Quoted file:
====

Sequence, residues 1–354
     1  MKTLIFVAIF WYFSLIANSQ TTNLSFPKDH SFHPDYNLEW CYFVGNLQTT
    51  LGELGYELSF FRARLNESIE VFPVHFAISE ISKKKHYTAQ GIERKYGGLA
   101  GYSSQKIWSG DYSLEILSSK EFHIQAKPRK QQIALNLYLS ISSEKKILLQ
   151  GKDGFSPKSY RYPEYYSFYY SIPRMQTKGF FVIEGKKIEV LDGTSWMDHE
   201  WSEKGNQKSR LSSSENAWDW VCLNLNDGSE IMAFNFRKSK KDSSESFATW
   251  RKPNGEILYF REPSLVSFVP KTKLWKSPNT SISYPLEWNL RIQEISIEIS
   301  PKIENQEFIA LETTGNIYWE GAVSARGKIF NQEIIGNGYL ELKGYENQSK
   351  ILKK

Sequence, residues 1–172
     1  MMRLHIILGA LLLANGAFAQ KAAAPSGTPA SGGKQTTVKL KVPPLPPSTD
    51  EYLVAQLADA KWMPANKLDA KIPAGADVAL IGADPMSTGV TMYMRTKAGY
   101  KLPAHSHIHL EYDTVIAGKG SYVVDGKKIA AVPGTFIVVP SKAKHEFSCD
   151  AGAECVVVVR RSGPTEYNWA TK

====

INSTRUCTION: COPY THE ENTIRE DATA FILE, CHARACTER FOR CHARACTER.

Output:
Sequence, residues 1–354
     1  MKTLIFVAIF WYFSLIANSQ TTNLSFPKDH SFHPDYNLEW CYFVGNLQTT
    51  LGELGYELSF FRARLNESIE VFPVHFAISE ISKKKHYTAQ GIERKYGGLA
   101  GYSSQKIWSG DYSLEILSSK EFHIQAKPRK QQIALNLYLS ISSEKKILLQ
   151  GKDGFSPKSY RYPEYYSFYY SIPRMQTKGF FVIEGKKIEV LDGTSWMDHE
   201  WSEKGNQKSR LSSSENAWDW VCLNLNDGSE IMAFNFRKSK KDSSESFATW
   251  RKPNGEILYF REPSLVSFVP KTKLWKSPNT SISYPLEWNL RIQEISIEIS
   301  PKIENQEFIA LETTGNIYWE GAVSARGKIF NQEIIGNGYL ELKGYENQSK
   351  ILKK

Sequence, residues 1–172
     1  MMRLHIILGA LLLANGAFAQ KAAAPSGTPA SGGKQTTVKL KVPPLPPSTD
    51  EYLVAQLADA KWMPANKLDA KIPAGADVAL IGADPMSTGV TMYMRTKAGY
   101  KLPAHSHIHL EYDTVIAGKG SYVVDGKKIA AVPGTFIVVP SKAKHEFSCD
   151  AGAECVVVVR RSGPTEYNWA TK